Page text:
Daimler and Renault news signal an auto revival

Christoph Rauwald and Tara Patel

Daimler AG raised its full-year profit forecast and Renault SA topped revenue estimates, the latest signs the global auto industry is emerging from its worst slump in decades.

Daimler, maker of Mercedes-Benz cars and trucks, now sees 2020 earnings before some items matching last year’s level, rather than declining. At Renault, sales of its battery-powered Zoe more than doubled in the third quarter, while orders rose and inventories fell.

The upbeat news from two of Europe’s biggest automakers, which helped send the region’s car stocks higher Friday, follows better-than-expected results from BMW AG and Tesla Inc.

The spotlight will move to Ford Motor Co., Volkswagen AG and merging companies PSA Group and Fiat Chrysler Automobiles NV, as investors look to see whether their results confirm the trend.

In this Jan.24, 2019 file photo, the logo of French car maker Renault is pictured at Renault headquarters in Boulogne-Billancourt, outside Paris. French auto workers are returning to factory floors at Renault and Toyota.

Automakers have reined in costs, while pent-up demand and government incentives helped propel sales in some countries. Still, the prospects for a lasting recovery remain clouded by the resurgence of COVID-19.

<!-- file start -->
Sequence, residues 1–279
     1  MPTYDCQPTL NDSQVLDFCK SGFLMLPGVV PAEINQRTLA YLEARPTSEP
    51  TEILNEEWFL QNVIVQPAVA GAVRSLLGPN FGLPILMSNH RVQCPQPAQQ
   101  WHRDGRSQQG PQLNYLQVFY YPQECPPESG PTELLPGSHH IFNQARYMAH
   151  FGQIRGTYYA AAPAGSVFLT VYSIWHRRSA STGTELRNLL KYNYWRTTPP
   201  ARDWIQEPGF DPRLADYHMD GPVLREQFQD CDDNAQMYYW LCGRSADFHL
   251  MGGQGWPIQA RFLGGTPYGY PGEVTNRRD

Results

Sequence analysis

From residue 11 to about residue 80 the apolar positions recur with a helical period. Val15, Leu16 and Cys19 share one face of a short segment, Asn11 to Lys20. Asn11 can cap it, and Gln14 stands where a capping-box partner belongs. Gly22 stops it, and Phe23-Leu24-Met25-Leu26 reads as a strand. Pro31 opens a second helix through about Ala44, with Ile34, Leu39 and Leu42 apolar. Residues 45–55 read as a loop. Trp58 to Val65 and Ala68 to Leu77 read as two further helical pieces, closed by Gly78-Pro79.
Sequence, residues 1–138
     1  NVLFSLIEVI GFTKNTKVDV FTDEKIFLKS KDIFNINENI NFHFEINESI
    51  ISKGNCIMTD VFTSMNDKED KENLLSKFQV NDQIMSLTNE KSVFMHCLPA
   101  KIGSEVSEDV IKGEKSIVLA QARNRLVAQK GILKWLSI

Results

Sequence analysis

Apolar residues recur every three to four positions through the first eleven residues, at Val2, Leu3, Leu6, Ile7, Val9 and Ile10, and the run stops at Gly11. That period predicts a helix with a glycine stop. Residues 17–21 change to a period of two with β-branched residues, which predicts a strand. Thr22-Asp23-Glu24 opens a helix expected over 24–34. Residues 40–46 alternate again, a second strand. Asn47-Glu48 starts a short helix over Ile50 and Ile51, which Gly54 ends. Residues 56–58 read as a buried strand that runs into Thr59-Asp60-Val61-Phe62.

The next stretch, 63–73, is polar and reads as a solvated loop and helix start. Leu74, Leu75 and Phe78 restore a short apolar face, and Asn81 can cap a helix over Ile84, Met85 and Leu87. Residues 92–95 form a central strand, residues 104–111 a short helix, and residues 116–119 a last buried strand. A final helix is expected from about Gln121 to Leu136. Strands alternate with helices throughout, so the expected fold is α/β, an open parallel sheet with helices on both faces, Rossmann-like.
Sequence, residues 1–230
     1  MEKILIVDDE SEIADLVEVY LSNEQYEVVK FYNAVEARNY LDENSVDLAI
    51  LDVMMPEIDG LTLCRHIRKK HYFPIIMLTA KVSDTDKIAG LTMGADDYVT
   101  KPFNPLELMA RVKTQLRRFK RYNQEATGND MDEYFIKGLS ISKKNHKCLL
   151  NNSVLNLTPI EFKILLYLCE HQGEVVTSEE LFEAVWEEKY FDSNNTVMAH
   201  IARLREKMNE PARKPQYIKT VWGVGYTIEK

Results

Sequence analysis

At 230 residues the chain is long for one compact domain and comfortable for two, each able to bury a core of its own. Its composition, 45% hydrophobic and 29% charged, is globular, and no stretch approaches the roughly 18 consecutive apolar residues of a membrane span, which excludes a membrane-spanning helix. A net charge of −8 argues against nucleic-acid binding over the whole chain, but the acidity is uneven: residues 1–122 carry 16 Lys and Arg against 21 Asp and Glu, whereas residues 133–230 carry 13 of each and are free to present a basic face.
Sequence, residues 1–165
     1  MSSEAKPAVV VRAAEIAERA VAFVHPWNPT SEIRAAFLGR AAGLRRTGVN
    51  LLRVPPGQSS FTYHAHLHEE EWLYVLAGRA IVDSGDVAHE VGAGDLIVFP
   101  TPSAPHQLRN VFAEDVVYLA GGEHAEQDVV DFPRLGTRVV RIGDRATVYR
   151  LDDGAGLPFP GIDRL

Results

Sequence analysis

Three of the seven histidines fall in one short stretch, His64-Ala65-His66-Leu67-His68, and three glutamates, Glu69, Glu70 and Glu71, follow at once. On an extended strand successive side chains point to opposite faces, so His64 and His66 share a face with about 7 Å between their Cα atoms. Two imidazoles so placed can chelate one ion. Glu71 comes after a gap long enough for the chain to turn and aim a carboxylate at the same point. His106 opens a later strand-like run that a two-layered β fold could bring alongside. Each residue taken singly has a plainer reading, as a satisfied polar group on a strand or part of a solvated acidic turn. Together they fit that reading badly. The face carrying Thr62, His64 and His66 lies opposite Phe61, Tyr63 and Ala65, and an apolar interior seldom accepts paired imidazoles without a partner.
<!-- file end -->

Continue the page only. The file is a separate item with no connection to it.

“It’s difficult to predict what the proceedings are going to be with regards to Covid and a potential second wave in November and December — that’s why I would make a caveat,” Daimler Chief Financial Officer Harald Wilhelm said in a Bloomberg TV interview. But customer demand is strong and Daimler has “a good track record now on the optimal performance, cost discipline and we want to take that into the fourth quarter,” he said.

Clotilde Delbos, Renault’s deputy chief executive officer, expressed similar concerns. “The new wave of the pandemic in Europe has reduced our visibility significantly and obliged us to keep some cautiousness about what we can say regarding our perspective,” she told analysts Friday.

Even before the global health crisis, Renault was suffering from overcapacity in its factories and problems at alliance partner Nissan Motor Co.

Its expectation for positive free cash flow in the second half from automotive operations would be “quite different” if European governments moved to new lockdowns, Delbos said.

Authorities in Europe have ratcheted up measures to counter the pandemic — from curfews to shop closures — while stopping short of the national lockdowns that devastated economies earlier this year, shuttering car showrooms and factories.

For now, the positive signals from automakers are extending to suppliers. Tiremaker Michelin raised its outlook for the year after sales bounced back in the latest quarter on growth in China and North America. Auto-parts supplier Faurecia on Friday boosted its forecast for global auto production in the second half as well as its own financial targets.